In 1908, a baseball team by the name of the New York Giants was playing a division championship game. It was the bottom of the ninth with two outs and the bases were loaded. The Giants only needed a single run to win the game. The batter at the plate hit a single to right field, the run scored, but the player running from first to second base, whose name of Fred Merkle, never actually touched second base. He was tagged out, which ended the inning, meaning the run that had scored didn’t count. The Giants went on to lose the championship. In 1978, during Superbowl XIII, the tight end for the Dallas Cowboys, Jackie Smith, was wide open in the end zone for an easy touchdown that would have tied the game, but somehow, he dropped the pass. In 1982, at the end of the NCAA championship basketball game, a player by the name of Fred Brown actually passed the ball to the wrong team. So, what do Fred Merkle, Jackie Smith, and Fred Brown all have in common? Well, they were all ridiculed for their mistakes and they were each given the derogatory nickname “the goat.” You see, back in the day nobody wanted to be called the goat. Because it was a term reserved for the players who made the most notoriously humiliating and egregious mistakes.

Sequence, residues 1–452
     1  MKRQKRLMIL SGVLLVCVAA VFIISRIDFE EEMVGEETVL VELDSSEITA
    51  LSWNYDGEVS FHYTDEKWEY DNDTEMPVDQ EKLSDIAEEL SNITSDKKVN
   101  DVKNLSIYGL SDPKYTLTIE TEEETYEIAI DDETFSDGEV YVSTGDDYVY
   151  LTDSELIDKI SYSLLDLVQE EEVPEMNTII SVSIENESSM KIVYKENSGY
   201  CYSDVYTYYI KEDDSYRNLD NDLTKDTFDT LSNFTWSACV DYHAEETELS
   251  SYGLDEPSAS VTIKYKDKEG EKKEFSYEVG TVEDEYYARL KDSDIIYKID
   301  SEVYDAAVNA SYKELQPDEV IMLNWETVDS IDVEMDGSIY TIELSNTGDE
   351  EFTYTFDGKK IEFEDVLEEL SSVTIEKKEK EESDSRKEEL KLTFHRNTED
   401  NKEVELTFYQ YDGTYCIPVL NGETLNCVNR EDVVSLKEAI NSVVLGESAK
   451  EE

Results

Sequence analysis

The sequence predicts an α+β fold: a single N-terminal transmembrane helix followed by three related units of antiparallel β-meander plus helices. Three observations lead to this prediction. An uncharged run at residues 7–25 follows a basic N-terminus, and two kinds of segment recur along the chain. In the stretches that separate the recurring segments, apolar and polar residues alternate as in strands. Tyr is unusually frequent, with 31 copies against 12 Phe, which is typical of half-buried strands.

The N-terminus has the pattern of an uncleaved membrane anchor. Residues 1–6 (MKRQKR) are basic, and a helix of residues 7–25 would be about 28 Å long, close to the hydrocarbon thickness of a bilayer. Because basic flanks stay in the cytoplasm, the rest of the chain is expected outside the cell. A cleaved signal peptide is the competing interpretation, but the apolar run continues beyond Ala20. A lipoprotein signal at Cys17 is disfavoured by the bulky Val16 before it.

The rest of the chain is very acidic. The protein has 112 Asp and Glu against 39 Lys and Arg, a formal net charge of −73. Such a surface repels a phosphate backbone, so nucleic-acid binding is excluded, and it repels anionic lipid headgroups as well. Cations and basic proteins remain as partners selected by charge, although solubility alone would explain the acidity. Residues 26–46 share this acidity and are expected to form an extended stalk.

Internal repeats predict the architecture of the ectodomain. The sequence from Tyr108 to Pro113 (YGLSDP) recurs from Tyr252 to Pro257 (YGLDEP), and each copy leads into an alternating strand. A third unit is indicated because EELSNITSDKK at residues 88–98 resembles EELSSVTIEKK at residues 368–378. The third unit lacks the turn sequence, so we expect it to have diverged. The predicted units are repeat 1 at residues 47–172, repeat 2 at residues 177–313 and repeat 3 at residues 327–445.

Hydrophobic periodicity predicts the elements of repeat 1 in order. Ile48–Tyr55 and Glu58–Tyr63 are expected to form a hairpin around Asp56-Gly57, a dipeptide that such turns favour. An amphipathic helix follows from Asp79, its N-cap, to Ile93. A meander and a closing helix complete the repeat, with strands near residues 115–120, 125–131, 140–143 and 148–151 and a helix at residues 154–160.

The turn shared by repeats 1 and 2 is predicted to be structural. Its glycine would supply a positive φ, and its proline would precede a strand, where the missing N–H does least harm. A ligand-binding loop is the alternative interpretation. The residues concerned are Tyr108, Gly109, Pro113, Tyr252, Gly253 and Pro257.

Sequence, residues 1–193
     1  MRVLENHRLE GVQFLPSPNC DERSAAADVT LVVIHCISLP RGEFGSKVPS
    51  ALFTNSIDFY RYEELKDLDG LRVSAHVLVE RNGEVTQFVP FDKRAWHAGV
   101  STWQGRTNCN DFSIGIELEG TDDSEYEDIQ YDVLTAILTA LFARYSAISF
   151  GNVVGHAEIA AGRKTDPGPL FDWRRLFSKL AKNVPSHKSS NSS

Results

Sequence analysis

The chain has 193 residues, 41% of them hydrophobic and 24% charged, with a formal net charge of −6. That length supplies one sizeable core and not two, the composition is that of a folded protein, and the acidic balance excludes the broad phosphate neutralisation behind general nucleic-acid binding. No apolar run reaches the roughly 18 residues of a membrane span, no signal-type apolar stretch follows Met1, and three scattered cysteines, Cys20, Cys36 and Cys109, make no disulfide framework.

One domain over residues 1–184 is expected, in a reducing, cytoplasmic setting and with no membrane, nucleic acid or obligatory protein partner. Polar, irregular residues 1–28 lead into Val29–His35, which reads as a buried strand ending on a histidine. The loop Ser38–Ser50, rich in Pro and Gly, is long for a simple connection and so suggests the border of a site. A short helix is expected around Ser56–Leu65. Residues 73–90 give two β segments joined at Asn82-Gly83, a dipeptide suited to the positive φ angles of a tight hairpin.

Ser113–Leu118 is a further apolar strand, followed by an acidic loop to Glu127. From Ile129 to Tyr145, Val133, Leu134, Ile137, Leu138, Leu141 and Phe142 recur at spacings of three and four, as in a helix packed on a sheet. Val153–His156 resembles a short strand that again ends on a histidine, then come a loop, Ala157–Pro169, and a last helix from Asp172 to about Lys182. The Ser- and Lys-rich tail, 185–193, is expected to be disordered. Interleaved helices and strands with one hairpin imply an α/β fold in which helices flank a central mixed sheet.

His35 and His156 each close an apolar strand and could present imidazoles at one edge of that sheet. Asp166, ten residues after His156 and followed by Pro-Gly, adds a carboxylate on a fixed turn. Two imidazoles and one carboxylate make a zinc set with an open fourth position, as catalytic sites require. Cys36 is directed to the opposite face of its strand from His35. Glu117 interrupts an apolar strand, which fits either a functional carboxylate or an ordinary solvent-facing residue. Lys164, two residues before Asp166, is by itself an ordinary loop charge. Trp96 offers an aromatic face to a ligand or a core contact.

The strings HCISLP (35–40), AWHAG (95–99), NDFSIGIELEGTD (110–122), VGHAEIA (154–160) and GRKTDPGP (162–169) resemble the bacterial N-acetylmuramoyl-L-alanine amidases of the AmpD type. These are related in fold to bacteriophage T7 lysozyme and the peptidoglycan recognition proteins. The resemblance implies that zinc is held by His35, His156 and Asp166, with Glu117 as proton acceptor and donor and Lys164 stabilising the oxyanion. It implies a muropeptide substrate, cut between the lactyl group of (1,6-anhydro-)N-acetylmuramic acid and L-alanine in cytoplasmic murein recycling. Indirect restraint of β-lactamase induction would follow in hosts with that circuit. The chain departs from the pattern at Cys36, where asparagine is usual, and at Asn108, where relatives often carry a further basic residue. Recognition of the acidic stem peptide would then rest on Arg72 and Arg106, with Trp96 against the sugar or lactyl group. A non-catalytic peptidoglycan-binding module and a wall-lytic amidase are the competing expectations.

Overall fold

But here’s the remarkable thing. Over the past few decades, the meaning of the term “goat” has turn around 180 degrees. Today, G.O.A.T. is an acronym that stands for “Greatest Of All Time.” And so, the likes of Michael Jordon, Tom Brady, Tiger Woods, and Simone Biles are all referred to as the possible GOAT of their respective sports. What was once a term that referred to the most humiliating mistakes you can imagine, has been redefined as a term referring to the epitome of greatness. Even the gameshow Jeopardy! last year held a tournament to determine the greatest Jeopardy player of all time. Just Google “G.O.A.T.” and you’ll find references to individuals in sports, entertainment, business, and politics all making the claim to be the greatest.
But, at some point, we have stop and ask the question, “What is greatness?” For most of human history, greatness has been defined in terms of success, power, achievement, wealth, control, status, influence, dominance, and the list goes on. And yet, here we are this morning to worship a rejected and crucified Messiah, who by almost every worldly standard was a failure. Two thousand years after his death, billions of people are following the teachings of Jesus, even though he was executed at the hands of the Roman authorities. So, maybe for those of us who choose to follow Jesus, there is a different paradigm for success. Maybe there is something radically different about how power works in the kingdom of God. Maybe there’s another way to define greatness.